I started the Miniature Atelier Series, or M.A.S., in 2010. Here I have been reconstructing the tools and materials I use when I create my main artworks. Most of the world's industrial goods are standardized at sizes proportional to "average" humans. It is no exaggeration to say that our concepts, too, are configured on a scale whose core is the "food, clothing, and shelter" essential for our daily lives. Terms like "efficiency" and "convenience," for example, are defined in three-dimensional spaces at sizes just right for our lives; doing so enables these terms to gain their full significance for us.
These are the underpinning thoughts for my M.A.S. series, created based on the theme of "scale." These works aim to stimulate visual interest, as expression on a smaller scale softens the uncouth nature inherent in "tools," while the size differences evoke sensations of strangeness, and jar changes in our mundane images.
My scale for the M.A.S. series is set at 1:10. This scale is "reverse calculated" from the smallest unit I need for easy and speedy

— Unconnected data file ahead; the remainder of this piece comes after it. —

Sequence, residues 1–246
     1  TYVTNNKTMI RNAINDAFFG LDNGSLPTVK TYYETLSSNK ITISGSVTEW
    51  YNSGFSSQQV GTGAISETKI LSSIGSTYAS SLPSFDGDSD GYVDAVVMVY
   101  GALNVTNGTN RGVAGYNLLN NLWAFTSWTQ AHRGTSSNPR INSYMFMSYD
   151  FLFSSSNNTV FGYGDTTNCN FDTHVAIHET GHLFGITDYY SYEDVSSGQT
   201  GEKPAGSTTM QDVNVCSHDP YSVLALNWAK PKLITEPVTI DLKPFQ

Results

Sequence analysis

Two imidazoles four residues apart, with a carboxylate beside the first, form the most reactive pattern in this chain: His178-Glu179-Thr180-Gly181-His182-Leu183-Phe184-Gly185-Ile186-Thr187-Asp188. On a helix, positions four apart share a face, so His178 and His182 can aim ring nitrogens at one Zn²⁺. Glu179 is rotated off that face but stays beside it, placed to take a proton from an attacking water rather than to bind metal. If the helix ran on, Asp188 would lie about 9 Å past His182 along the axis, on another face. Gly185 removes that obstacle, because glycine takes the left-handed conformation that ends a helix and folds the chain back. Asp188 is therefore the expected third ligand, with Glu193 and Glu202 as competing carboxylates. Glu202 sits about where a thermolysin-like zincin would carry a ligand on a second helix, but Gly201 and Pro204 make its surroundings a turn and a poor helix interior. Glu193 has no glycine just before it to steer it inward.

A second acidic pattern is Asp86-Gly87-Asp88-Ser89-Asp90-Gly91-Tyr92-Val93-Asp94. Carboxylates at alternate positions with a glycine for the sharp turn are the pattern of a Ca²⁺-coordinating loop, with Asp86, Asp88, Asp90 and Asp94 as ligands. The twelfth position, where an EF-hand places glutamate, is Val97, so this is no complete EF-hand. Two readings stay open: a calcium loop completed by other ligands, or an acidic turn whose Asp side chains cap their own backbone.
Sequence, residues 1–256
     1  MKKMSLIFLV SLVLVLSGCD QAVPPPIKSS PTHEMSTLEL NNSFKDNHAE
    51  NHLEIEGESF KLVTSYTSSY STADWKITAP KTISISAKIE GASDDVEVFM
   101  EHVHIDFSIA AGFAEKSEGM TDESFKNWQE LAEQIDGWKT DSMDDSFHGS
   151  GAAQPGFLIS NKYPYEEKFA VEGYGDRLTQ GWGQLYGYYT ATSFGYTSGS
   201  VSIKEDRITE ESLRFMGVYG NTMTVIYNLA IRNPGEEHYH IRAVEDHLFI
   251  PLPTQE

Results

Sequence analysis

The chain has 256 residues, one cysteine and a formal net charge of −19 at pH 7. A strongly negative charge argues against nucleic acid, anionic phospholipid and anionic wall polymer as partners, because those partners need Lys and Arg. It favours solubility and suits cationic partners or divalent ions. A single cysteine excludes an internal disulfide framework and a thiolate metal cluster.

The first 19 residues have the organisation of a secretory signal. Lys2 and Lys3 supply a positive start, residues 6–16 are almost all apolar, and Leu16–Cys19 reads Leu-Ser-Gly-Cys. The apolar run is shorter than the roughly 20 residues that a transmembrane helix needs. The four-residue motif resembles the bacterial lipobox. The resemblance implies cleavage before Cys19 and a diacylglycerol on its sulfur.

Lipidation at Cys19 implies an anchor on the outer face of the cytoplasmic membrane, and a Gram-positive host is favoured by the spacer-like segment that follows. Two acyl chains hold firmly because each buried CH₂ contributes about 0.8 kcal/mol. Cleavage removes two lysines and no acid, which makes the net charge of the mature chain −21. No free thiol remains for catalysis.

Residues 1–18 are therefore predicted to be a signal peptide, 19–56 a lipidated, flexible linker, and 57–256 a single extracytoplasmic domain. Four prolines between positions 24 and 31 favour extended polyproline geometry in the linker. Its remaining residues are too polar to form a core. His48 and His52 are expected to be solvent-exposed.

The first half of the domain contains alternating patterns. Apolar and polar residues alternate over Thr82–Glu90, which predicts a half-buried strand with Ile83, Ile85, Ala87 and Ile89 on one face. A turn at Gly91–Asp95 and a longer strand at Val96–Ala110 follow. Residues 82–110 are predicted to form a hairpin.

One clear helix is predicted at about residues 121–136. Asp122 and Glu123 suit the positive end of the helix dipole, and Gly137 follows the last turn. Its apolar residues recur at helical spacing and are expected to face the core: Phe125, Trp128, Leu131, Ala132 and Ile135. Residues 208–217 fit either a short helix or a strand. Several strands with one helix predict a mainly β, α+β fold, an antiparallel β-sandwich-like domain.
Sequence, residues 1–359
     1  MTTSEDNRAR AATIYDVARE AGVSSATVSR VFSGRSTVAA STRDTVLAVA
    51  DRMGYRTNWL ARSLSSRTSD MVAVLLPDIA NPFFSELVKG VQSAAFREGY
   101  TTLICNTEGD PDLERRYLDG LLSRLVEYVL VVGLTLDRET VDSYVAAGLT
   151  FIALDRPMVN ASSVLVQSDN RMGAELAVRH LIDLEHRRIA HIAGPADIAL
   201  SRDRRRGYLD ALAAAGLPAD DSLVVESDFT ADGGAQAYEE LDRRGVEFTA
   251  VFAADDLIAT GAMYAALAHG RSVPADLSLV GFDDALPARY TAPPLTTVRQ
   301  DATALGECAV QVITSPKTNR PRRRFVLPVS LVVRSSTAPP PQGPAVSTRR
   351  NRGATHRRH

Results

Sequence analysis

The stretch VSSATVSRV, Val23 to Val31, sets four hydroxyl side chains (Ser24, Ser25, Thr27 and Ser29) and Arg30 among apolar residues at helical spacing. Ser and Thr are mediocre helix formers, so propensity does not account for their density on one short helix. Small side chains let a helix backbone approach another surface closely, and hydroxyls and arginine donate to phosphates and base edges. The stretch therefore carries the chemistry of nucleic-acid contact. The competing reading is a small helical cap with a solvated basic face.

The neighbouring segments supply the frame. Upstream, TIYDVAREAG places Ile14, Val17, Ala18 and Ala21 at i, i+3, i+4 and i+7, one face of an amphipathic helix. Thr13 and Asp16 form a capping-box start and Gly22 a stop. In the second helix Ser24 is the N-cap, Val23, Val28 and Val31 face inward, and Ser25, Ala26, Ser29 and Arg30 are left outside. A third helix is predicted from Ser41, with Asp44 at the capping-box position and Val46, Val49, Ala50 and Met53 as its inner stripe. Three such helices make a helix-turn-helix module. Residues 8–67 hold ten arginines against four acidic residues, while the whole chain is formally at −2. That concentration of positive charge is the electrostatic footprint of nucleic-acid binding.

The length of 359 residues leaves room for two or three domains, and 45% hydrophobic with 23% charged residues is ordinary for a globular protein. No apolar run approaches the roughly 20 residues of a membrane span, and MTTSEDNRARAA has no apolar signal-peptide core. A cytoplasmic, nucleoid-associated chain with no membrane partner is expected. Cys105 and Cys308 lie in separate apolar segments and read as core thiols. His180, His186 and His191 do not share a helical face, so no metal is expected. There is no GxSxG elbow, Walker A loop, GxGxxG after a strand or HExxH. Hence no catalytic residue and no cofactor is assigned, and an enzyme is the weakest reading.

setting in iron of female-thread screw holes; these are used to set standard M2 screws, the screws most frequently found in my works.
I have adopted the 1:10 scale also because this size enables me to use screws in these miniature items without breakage; it is just about as small as I can go to ensure that these small-scale tools can still be manipulated like their real counterparts.
The motif of tools I use to remind myself, too, of the point of origin of all my created works. Seeing tools reminds me of the changes each tool undergoes, and of all the changes tools have undergone, through the years—my eyes are opened to the wisdom of ancestral toolmakers. Adding savor to this admiration is surely a subliminal sense encompassing the numerous uses I have made of tools, that personal background of exploring their diversity and usability. Tools have thus chiseled and hammered and dug their presence into my unconscious. This has been my lot in life, and my joy.
Translated by Robert Plautz
A large image is displayed when you click each image.